SpaceX launches 143 satellites into orbit

SpaceX launches 143 satellites into orbit

Carry a missile a company SpaceX named Falcon 9 a group of 143 satellites into orbit, setting a new world record To launch The largest amount of satellites carried by a single missile.

The mission, dubbed Transporter-1, carried a total of 10 satellites of SpaceX’s Starlink Internet.

It has also carried more than 130 satellites for a variety of customers, including Planet, which operates a constellation of Earth imaging satellites, and ICEYE, which is developing small radar satellites to spot ice and track floods.

The previous record for the largest number of satellites sent into space in a single flight was held by the PSLV, an Indian rocket, which carried 104 satellites at the 2017 launch.

SpaceX’s Transporter-1 mission was the first in a new flight-sharing program announced by the airline in 2019.

The company said at the time: It dedicates a regular launch schedule for its Falcon 9 missile to carry large groups of small satellites or small satellites, rather than focusing on one large base payload.

Small satellites have seen a sharp rise in popularity over the past few years, and their sizes range from very small sizes like a smartphone to medium sizes like a kitchen refrigerator.

As they grow more advanced, large numbers of companies have entered the market promising to provide services using new small satellite technologies.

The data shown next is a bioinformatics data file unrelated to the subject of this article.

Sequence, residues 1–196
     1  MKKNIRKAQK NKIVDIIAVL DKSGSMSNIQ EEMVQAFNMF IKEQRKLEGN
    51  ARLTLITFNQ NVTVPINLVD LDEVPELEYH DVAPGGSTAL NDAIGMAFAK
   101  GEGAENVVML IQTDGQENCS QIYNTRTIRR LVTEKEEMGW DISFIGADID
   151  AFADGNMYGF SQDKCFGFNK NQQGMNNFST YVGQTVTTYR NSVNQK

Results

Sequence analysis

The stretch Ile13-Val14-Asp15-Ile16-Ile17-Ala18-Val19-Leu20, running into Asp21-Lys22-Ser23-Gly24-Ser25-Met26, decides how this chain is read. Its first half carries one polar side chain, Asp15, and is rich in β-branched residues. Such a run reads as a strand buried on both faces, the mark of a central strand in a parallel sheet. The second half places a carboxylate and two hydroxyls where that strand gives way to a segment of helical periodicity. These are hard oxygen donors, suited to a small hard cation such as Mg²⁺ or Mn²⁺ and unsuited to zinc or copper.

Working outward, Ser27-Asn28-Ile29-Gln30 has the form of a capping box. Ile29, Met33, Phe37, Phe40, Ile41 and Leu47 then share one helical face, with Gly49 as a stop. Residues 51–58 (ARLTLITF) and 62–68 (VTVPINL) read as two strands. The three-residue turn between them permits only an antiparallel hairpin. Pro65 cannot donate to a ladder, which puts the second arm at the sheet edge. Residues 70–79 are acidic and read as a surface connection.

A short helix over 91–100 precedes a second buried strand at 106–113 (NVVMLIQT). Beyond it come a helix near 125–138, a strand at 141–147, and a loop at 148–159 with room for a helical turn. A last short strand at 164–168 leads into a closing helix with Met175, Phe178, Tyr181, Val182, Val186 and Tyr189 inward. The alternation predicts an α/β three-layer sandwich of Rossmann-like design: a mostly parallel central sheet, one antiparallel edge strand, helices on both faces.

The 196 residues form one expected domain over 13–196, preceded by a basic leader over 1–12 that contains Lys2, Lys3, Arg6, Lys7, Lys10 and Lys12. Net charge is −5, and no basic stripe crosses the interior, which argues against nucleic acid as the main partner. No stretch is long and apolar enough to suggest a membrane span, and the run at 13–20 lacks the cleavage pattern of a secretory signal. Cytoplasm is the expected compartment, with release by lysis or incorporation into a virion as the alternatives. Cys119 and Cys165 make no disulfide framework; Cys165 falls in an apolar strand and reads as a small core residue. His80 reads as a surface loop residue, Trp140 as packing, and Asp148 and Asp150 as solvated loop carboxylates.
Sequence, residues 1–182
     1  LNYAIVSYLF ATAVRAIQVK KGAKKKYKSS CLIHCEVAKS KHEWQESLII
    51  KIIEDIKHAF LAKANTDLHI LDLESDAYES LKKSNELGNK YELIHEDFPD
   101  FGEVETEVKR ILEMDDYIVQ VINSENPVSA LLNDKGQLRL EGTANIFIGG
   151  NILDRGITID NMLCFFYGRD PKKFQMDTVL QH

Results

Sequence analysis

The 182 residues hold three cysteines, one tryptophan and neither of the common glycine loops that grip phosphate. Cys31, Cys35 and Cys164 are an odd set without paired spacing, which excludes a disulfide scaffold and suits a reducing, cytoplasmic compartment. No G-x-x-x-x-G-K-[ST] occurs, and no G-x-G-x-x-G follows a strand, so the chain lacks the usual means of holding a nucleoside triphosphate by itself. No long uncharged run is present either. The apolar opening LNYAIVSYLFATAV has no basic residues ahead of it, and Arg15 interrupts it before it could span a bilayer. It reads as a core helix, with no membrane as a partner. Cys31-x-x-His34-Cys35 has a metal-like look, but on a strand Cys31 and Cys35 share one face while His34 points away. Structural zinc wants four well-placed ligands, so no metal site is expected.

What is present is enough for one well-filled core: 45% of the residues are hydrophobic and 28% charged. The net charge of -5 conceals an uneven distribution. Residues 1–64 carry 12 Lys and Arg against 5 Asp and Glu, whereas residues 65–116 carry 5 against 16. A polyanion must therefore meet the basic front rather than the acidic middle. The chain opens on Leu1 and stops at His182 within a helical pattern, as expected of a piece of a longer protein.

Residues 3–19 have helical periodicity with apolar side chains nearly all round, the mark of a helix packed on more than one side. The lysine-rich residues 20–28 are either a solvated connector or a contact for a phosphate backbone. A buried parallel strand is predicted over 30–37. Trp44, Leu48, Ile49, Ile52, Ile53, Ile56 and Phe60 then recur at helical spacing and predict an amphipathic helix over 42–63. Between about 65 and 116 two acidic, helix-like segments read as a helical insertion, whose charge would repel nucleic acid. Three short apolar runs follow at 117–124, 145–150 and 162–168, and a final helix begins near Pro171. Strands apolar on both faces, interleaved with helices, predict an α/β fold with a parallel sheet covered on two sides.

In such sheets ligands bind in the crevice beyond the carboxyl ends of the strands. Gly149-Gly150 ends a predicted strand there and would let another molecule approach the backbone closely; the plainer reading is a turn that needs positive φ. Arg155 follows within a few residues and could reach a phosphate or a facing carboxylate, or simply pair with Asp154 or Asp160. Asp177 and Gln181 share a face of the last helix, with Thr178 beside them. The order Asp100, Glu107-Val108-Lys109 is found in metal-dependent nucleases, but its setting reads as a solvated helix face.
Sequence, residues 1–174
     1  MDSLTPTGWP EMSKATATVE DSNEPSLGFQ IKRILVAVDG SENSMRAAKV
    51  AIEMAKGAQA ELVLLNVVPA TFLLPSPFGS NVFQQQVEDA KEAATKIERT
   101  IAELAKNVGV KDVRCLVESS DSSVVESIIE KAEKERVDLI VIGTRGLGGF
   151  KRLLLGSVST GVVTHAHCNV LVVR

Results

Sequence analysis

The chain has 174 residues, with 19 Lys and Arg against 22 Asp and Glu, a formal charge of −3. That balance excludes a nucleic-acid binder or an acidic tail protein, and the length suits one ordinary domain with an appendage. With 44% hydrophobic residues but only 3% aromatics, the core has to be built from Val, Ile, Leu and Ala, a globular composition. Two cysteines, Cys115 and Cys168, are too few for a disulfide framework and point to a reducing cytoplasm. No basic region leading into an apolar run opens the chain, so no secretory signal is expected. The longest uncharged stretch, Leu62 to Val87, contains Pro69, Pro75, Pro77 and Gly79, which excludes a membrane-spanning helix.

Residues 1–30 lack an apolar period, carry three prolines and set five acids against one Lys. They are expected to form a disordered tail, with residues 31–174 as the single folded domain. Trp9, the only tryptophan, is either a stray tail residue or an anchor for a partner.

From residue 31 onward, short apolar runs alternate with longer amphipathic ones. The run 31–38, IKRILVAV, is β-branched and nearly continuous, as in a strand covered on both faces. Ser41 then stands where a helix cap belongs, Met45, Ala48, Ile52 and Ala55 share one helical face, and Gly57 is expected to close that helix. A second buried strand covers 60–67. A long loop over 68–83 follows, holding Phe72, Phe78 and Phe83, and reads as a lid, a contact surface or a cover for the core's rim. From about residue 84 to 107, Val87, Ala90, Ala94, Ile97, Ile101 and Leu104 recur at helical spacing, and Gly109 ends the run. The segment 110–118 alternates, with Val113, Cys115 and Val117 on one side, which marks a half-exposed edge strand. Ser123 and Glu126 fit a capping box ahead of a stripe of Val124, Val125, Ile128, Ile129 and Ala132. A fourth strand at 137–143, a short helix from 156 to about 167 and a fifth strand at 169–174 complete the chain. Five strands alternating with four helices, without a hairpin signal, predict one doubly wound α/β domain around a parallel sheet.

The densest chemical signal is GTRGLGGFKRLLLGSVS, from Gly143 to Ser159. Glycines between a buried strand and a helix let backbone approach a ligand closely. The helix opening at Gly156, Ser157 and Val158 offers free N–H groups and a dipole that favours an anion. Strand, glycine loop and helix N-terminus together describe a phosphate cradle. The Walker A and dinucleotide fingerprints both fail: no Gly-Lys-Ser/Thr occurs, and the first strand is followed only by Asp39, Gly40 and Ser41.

Small satellites typically reach orbit by attaching to larger, more expensive satellites, and the waiting list can be long and unpredictable.

But there was a huge push in the launch industry to directly meet the needs of the burgeoning small satellite market.

Dozens of new missile companies are pledging to build miniature rockets that can provide quick and easy launches for small satellites.

Two of these companies, Rocket Lab and Virgin Orbit, have successfully sent their miniature missiles into orbit and started their commercial operations.

SpaceX’s Falcon 9 rockets are much larger than the Rocket Lab and Virgin Orbit rockets, and are usually used to launch massive communications satellites, spy satellites or the Dragon spacecraft, which ferry astronauts and cargo to and from the International Space Station.

The decision to dedicate additional tasks only to launching small groups of small satellites is a sign of the growing interest in the industry.

And with the increasing number of satellites in orbit, experts have become increasingly concerned about congestion, as satellites have collided in orbit before.

Although such accidents do not pose a significant threat to people on Earth, debris from crashes can remain in orbit for years or decades.

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